Lemmings? Or honest debate? Our choice.

This column was written in an attempt to pull together several basic ideas, some of which I had drafted complete columns for, such as the "Four Freedoms." It was published on the op ed page of the New Bedford Standard-Times November 9 under the headline "Patriotism doesn't mean we have to be suckers.".

by Greg Stone

Let me get this straight. As of September 11, all politicians, editorial writers, and TV pundits are supposed to put their brains in park and approve of whatever our country is doing or has done? That seems to be what I'm reading from some writers objecting to a few S-T editorials, as well as all those who seem to have made a collective mantra of the word "unity."

Snap out of it folks! As Bill Moyers warned recently, there are plenty of politicians and lobbyists who are " . . . counting on you to be standing at attention with your hand over your heart, pledging allegiance to the flag, while they pick your pocket!"

Anyone for the Taliban?

Or as Bob Harris, a freelance commentator, recently put it:

". . . there’s the brain-fevered allegation that advocating a reasoned, ethical approach to the most dangerous crisis in our lifetimes is somehow unpatriotic . . .

"Our ability to discuss and dissent and grow from the exchange is precisely what makes America a free country worth protecting.

"If you don’t understand that, go join the Taliban. No free speech, no civil rights, and absolute religious unity. You’ll love it."

Questions

Assuming you've chosen to stay here instead, here are a few questions you might want to ponder:

Do you think the folks who just awarded a contract worth in excess of $200 billion to Lockheed to develop a Joint Strike Fighter ever heard Dwight Eisenhower speak? Remember him? The president, general, and Republican who in 1953 told us:

"Every gun that is made, every warship launched, every rocket fired signifies, in the final sense, a theft from those who hunger and are not fed, those who are cold and are not clothed. This world in arms is not spending money alone. It is spending the sweat of its laborers, the genius of its scientists, the hopes of its children . . . this is not a way of life at all, in any true sense. Under the cloud of threatening war, it is humanity hanging from a cross of iron."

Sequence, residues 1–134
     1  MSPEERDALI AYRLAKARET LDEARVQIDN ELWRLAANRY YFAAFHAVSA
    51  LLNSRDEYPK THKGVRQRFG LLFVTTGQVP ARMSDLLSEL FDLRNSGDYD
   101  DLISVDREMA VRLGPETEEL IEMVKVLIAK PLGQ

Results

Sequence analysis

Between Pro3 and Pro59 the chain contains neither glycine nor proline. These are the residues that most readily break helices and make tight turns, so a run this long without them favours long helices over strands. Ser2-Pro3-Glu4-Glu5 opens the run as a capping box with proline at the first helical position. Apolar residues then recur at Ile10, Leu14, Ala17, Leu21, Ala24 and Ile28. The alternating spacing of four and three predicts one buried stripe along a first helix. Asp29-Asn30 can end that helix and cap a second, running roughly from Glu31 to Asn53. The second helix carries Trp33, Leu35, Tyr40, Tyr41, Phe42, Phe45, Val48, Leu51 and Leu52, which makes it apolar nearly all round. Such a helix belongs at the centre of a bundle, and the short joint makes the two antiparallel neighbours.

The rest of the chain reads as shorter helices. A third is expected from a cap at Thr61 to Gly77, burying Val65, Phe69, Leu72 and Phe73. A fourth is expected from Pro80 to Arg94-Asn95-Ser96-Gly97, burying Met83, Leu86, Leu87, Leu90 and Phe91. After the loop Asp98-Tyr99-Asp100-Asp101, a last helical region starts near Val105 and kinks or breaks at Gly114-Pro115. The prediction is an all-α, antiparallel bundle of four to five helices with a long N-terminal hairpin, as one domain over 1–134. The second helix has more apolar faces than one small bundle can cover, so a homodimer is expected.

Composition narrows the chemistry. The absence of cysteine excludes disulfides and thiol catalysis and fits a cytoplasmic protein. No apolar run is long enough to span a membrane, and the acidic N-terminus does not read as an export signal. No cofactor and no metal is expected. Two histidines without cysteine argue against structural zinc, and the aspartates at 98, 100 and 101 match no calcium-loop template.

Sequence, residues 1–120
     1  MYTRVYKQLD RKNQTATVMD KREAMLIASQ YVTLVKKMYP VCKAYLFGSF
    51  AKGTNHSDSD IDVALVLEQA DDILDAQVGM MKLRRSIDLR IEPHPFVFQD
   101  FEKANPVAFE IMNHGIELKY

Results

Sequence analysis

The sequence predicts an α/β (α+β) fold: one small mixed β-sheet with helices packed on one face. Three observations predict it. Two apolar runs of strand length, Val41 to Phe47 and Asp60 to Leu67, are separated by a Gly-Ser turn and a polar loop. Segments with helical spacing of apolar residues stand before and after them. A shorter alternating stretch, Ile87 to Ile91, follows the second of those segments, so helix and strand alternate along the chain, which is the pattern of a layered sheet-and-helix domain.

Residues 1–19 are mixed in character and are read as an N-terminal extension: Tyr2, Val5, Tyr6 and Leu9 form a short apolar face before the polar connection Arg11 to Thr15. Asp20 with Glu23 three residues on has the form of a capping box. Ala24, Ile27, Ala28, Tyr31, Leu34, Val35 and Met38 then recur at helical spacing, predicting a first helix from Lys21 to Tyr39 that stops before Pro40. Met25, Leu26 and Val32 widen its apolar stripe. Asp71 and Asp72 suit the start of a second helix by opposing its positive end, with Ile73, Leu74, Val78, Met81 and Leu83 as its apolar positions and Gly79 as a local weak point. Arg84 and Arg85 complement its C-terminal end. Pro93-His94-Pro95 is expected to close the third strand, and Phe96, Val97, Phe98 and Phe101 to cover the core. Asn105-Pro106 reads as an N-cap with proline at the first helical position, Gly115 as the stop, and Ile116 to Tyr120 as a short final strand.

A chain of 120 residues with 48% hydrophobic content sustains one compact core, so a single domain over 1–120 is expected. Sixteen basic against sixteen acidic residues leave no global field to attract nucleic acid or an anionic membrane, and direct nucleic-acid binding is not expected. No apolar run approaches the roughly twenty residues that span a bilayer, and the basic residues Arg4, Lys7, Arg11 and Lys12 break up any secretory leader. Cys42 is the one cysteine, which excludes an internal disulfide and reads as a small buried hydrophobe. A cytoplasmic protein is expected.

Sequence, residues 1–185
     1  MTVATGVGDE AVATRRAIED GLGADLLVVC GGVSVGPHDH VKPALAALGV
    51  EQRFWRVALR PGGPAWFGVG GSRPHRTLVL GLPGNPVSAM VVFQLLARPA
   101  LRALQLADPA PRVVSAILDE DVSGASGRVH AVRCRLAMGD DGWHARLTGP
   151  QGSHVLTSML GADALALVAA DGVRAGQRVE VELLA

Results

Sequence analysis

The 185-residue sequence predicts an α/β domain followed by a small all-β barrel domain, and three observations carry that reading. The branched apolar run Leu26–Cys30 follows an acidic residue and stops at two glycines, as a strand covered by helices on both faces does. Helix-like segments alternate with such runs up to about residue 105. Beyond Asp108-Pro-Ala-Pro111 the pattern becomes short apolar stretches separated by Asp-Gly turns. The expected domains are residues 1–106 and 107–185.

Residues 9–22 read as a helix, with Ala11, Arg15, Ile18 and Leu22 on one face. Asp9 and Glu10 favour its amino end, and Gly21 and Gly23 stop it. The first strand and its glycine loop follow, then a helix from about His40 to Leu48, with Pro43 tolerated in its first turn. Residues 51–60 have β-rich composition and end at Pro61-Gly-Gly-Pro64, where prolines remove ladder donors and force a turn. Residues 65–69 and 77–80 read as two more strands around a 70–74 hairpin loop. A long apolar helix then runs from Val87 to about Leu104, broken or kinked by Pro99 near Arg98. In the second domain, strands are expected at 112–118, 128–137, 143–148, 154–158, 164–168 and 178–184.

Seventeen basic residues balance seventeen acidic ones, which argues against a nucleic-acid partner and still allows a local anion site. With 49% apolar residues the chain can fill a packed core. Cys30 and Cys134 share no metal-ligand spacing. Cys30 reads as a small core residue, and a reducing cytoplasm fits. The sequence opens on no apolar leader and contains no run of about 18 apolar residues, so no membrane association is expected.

And while we're on the subject of soldiers and politicians, how about Dr. Robert M. Bowman, Lt. Col., USAF, ret? He's got a Ph.D. in aeronautical engineering; he flew 101 combat missions in Vietnam; and he led the "Star Wars" project. He was the presidential candidate of various small parties in 2000.

Clinton and truth

He also was the guy who lashed out at Mr. Clinton in 1998 when the president tossed a few missiles at bin Laden:

"Tell people the truth, Mr. President . . . about terrorism, not about poor Monica. If your lies about terrorism go unchallenged, then the terror war you have unleashed will likely continue until it destroys us . . .

"Mr. President, you did not tell the American people the truth about why we are the target of terrorism. You said that we are the target because we stand for democracy, freedom, and human rights in the world. Baloney! We are the target of terrorists because we stand for dictatorship, bondage, and human exploitation in the world. We are the target of terrorists because we are hated. And we are hated because our government has done hateful things."

Ouch! . . . wonder what he's saying today? (Hint - only the name of the president has changed.)

War-profiteering

Why did the House vote to give gigantic tax rebates to our country's largest corporations? Why don't we put more money in the hands of the people who need it most - by extending health and unemployment benefits, for example?

Could it be related to why we still let people buy elections? (We can't seem to listen to John McCain, the only well-known hero on the political front who has enough guts to say what he actually thinks. I don't agree with him on many issues, but honest disagreement is a refreshing change.)

and our own terrorists - uh, freedom fighters